Recent heatwaves and wildfires have served as an indisputable and urgent reminder that climate change will continue to threaten the quality of life—and the lives—of residents of LA County. In the face of this challenge, the Board of Supervisors has moved in this moment to develop a “Just Transition to Clean Energy Strategy” with the twin goals of creating a more climate resilient Los Angeles County as well as investing in a qualified workforce to assist with the capping of idle and abandoned oil wells.
In a motion introduced Supervisor Mark Ridley-Thomas, co-authored by Supervisor Janice Hahn, that was approved in a unanimous vote, the Board will specifically align policy, legislative and funding efforts to support the transition of the fossil fuel workforce to jobs cleaning up old oil wells. The remediation will be done in a manner that promotes public health and safety while combating climate change.
“It is indisputable that the impacts of climate change are profound and that the need to transition to cleaner, greener sources of energy is urgent. But as we transition, we must ensure it is a just transition,” said Supervisor Ridley-Thomas. “There are far too many idle and abandoned wells across this County and State that have not been appropriately capped—and if not addressed, can create significant public health and safety impacts. We have an opportunity here to wed our environmental goals with a meaningful workforce agenda.”
Specifically, the motion directs the County’s Acting Chief Executive Officer, in collaboration with the Directors of the Department of Public Works, Regional Planning (collectively, the County Oil and Gas Team), as well as the Acting Director of the Department of Workforce Development, Aging and Community Services (WDACS), to work collaboratively with a Taskforce comprised of the Sierra Club, United Steelworkers Local 675 and the Building Trades to work with other environmental, labor, and business stakeholders, to develop a strategy to guide this just transition.
As of June 2020, a strike team convened by the County was deployed to assess conditions at all oil and gas facilities within unincorporated areas and found 1,046 active wells, 637 idle wells, and 2,731 abandoned wells within the unincorporated areas. In a 2017 report to the Board, the Strike Team found that many oil wells may have been improperly abandoned in the past or were continuing to be left idle for a long period of time.
The California Geologic Energy Management Division (CalGEM) which has jurisdiction over monitoring oil drilling activities has historically not had the capacity to monitor drilling operations to ensure abandonment of all idle wells. According to CalGEM, more than 800 oil companies have dissolved over the years without scheduling wells for proper plugging and abandonment or paying enough State fees to cover the costs. This condition can lead to oil and gas pollution, with significant public health and safety consequences.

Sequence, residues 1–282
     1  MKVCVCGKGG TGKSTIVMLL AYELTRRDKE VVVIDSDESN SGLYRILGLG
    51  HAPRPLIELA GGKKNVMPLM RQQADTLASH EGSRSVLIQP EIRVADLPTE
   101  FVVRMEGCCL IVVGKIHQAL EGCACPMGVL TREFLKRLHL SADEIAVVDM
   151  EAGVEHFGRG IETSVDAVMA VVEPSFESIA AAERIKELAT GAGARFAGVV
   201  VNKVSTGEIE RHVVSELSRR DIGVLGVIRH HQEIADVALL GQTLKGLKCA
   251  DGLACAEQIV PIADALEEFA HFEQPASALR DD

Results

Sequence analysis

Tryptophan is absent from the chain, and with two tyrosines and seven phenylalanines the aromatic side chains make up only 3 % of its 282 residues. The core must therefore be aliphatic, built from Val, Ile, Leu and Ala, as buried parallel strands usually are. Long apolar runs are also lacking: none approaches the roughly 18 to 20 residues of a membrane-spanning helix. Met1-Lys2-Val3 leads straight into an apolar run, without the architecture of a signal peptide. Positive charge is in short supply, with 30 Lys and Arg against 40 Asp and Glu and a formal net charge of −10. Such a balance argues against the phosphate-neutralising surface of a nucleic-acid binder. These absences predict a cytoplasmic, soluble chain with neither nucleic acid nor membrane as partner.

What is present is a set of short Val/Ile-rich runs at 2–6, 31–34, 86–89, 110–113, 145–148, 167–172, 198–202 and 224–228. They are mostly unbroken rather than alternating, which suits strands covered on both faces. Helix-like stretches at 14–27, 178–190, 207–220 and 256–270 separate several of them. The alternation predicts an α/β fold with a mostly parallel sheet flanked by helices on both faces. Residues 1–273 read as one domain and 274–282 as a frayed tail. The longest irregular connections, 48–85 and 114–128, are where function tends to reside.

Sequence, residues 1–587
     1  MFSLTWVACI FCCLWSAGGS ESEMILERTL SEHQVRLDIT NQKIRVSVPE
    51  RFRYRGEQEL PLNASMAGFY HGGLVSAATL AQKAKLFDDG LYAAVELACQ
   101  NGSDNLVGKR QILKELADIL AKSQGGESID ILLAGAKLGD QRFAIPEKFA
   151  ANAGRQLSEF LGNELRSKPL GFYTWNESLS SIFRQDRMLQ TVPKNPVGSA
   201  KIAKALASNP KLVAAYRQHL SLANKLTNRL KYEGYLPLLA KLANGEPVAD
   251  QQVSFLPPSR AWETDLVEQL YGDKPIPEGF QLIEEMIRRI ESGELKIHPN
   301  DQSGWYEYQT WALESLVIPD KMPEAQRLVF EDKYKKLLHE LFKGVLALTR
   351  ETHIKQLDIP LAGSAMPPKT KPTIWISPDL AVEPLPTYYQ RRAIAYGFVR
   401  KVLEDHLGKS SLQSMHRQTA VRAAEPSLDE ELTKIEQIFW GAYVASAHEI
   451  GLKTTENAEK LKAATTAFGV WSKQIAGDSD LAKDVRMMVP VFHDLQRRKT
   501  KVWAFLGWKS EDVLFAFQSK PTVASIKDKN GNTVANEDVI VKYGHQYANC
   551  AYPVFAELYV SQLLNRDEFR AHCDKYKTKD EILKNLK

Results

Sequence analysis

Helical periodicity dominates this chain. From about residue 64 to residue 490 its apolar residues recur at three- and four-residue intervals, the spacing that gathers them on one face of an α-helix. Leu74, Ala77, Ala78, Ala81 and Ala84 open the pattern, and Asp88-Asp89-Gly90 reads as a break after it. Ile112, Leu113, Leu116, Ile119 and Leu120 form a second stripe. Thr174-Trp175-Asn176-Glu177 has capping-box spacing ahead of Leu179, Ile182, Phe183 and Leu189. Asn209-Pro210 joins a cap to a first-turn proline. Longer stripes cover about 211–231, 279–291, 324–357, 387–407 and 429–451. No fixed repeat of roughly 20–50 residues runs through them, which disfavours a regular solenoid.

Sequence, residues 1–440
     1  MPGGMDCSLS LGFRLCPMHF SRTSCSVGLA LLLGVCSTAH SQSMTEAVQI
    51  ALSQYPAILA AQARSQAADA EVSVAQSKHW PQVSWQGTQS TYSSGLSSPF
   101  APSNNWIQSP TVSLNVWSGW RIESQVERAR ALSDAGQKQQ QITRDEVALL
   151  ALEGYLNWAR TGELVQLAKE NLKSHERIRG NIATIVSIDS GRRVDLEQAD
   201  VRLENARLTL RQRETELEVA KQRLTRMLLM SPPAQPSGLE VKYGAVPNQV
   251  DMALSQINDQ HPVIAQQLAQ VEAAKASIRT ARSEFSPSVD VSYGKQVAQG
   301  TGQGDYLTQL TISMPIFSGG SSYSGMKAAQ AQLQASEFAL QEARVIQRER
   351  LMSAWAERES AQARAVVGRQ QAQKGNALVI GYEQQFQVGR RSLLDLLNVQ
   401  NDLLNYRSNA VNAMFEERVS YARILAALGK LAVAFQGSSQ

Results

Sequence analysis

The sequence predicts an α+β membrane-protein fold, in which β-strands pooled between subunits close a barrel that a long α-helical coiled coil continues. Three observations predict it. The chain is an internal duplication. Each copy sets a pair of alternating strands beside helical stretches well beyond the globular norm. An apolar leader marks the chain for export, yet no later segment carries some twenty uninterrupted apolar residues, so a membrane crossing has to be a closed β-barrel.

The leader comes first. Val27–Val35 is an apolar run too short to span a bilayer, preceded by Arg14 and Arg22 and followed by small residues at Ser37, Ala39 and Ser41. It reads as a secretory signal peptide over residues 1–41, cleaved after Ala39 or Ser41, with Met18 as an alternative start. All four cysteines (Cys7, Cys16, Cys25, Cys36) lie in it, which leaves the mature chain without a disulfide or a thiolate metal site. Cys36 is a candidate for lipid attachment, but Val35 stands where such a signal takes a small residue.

“As we transition Los Angeles County away from fossil fuels and do our part to address climate change, we need to support and train our current workforce for the green jobs of the future. We don’t have to choose between clean air and good jobs—we can and we must have both,” said Supervisor Hahn, co-author of the motion.
“This just transition motion is an important step forward for protecting workers, community wellbeing, and our environment,” added Associate Director of the Sierra Club’s Beyond Dirty Fuels Campaign Monica Embrey. “By ensuring oil and gas companies are responsible for cleaning up their non-producing wells, Los Angeles will promote public health and safety and combat climate change, while at the same time creating ‘high-road,’ family-sustaining jobs for oil workers.”
“The Department of Regional Planning is pleased to participate in this effort, and to coordinate with the Board of Supervisors and our partners in the community, environmental, and business sectors. Regional Planning is actively developing stronger regulations for existing and future oil and gas operations in the unincorporated areas of the County,” said LA County Department of Regional Planning Director Amy Bodek. “We recognize the balancing act necessary to reduce environmental and community impacts from oil and gas operations with the need for economic prosperity. This action is one more step forward in eliminating the negative impacts of these operations on our most disadvantaged neighborhoods while encouraging new job development in an emerging industrial sector.”
According to Gary Gero, Los Angeles County’s Chief Sustainability Officer, “It is critical that while we work to transition our economy out of fossil fuels, we make sure to take care of workers in these polluting industries and ensure they can transition to cleaner and healthier jobs. This motion puts us on the right track to accomplish that.”
The motion also directs the County’s Oil and Gas Team to identify funding strategies to support the just transition effort and to identify priority wells in the County that should be abandoned in a timely manner.